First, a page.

Menopause: Navigating a New Life Stage

Menopause: Navigating a New Life StageMenopause: Navigating a New Life Stage

Let’s reframe menopause.

Menopause is an important phase of life—one that, as recently as a century ago, only a small percentage of women ever experienced. Today, with increased life expectancies, 1.3 million people in the U.S. alone reach menopause every year. 

In a culture obsessed with youth and surface-level beauty, it’s no wonder that menopause carries negative connotations. Too often, it is framed as a disease to be eradicated or cured. We’re working to change that. Growing older is a gift, an opportunity to refocus—and for women, menopause is a natural, clarifying experience as we age. Knowing what to expect and going in with the right outlook can go a long way toward a positive, empowering  transition. 

What exactly is menopause?

Menopause is the natural conclusion of menstruation, typically confirmed after 12 months without a period. Just as we entered our reproductive years during puberty, we leave them during menopause. Estrogen production slows, causing the menstrual cycle to fluctuate and eventually stop. Other physical changes and symptoms are expected as the body adjusts to different hormone levels.

Timing, duration, and definitions.

On average, women become menopausal at age 51, with many starting the transition earlier, in their 40s. Some people experience early (premature) or induced menopause due to other circumstances. For example, surgery removing the ovaries  or estrogen-blocking medications will bring on early menopause.

Natural menopause varies from person to person, both in duration and symptoms, but usually extends over several years. The stages of menopause can be summarized in this way: 

  • Premenopause: The phase of life before menopause, before any symptoms start.
  • Perimenopause: A 4–8 year period during which hormonal fluctuations occur. Most women experience symptoms like menstrual irregularity and hot flashes.
  • Menopause: The moment in time when menstruation has stopped for 12 consecutive months. (Because it’s impossible to predict one’s final period, this diagnosis is typically applied retroactively.)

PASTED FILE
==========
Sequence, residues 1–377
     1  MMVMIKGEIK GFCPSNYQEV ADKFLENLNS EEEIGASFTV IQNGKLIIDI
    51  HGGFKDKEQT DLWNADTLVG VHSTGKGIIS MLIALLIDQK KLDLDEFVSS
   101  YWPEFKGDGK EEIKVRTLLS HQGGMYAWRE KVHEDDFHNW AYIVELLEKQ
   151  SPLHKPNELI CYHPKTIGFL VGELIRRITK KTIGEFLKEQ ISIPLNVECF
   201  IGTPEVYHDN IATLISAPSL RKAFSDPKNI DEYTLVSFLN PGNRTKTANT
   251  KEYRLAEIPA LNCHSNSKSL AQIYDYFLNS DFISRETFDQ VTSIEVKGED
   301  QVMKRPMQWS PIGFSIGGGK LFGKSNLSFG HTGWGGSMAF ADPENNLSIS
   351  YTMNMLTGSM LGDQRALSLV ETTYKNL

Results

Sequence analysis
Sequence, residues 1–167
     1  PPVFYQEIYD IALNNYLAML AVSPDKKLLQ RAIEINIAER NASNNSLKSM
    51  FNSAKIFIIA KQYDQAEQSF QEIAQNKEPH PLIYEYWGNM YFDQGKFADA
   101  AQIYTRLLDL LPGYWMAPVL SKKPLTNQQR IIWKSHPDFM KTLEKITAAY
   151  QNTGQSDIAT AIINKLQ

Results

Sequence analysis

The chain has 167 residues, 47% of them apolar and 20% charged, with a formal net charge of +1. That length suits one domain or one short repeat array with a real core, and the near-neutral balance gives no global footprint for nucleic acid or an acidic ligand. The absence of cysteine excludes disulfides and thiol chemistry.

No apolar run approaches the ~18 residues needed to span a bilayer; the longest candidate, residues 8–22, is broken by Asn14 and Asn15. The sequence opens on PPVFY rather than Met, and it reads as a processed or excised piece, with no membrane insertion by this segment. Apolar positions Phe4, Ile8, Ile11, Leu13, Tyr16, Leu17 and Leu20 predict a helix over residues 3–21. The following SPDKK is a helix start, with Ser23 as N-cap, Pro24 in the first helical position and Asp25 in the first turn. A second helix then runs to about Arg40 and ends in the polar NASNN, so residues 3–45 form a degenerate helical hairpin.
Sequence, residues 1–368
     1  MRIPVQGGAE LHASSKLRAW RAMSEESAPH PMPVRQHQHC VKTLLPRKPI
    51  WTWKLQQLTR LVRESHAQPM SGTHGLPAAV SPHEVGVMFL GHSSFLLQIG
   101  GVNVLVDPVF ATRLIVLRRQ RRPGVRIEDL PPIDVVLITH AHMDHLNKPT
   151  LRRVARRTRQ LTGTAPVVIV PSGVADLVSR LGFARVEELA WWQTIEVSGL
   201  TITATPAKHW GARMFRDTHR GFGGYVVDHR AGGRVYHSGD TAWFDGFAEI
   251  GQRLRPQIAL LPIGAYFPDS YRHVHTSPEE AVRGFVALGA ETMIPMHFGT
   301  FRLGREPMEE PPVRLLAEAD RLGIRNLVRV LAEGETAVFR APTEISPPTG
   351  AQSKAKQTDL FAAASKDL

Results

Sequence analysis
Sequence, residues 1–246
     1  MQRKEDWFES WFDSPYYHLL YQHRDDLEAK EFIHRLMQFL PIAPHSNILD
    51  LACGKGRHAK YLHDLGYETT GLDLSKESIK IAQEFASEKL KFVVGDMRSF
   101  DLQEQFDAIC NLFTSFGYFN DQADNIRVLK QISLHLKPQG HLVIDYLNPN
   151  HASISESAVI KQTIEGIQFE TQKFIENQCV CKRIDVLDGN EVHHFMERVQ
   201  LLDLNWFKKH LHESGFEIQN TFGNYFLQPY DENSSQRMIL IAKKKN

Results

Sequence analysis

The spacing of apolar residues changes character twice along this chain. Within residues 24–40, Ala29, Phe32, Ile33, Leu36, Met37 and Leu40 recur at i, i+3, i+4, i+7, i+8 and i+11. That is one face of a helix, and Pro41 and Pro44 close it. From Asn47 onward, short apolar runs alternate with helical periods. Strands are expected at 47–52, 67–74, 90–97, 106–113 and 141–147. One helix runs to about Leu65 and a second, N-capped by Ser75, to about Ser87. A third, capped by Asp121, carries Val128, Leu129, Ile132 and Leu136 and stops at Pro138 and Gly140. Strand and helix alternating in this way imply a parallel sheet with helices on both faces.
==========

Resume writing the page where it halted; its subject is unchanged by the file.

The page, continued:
• Postmenopause: The phase of life after menopause.

Hormonal changes.

The experience of menopause varies widely, but its associated symptoms can be linked to changing hormone levels in the body. Some of the hormones most impacted by menopause and their respective shifts are summarized below: 


Estrogen levels fluctuate during perimenopause and decline during menopause. Less estrogen in the body can cause hot flashes, night sweats, headaches, vaginal dryness, and fatigue.


Progesterone production stops after your final period. Decreasing levels can cause menstrual irregularity during perimenopause.


Melatonin is a hormone that determines sleep and wake cycles. Levels naturally decrease with age.


Leptin is released from fat cells and acts as an appetite suppressant. Some research indicates that lowered estrogen can also result in lower leptin levels.


Ghrelin is a hormone that increases appetite. Its concentration in the body fluctuates during perimenopause and menopause.


Cortisol is also known as the stress hormone. Levels generally increase with age and can impact everything from physical activity and heart health to emotional well-being and more.

Menopause symptoms. 

Fluctuating hormones affect us differently. Some women report no physical changes apart from menstrual irregularity, while others experience more intense, whole-body symptoms. Regardless of their frequency or severity, menopause symptoms can be uncomfortable and frustrating. However, with proper medical care and attention to all-around health, they can be greatly alleviated. More common symptoms generally fall into the four following categories: 


  • Hot flashes
  • Night sweats


  • Anxiety
  • Depression
  • Mood swings
  • Cognitive issues
  • Brain Fog
  • Body Image Issues


  • Joint and muscle pain
  • Insomnia/Sleep Issues
  • Fatigue
  • Weight gain and changes in body composition
  • Muscle and strength loss


  • Vaginal dryness
  • Pelvic floor dysfunction
  • Change in libido

How Upliv can help.

During menopause, physical and mental changes go hand-in-hand. After years of reliable—if cyclical—hormone levels, menopause can feel like your body is in revolt. And in a society that so often ignores the concerns and needs of women (really, anyone with a uterus), the experience can be all the more isolating.

We’re challenging status quo menopause care with science-backed treatments and a whole-person focus. Our philosophy is to treat all of you, body and mind. Since the experience of menopause varies so much, so do our care plans. With each patient, we collaboratively build the right treatment for you as an individual. We bring the Upliv community together, providing a safe space for sharing, discussion, and support.

It’s time we stop framing menopause as an ending. It’s a transitional moment—an opportunity to connect with others, prioritize your health, and look forward to the next chapter. And with Upliv, the transition just got easier.

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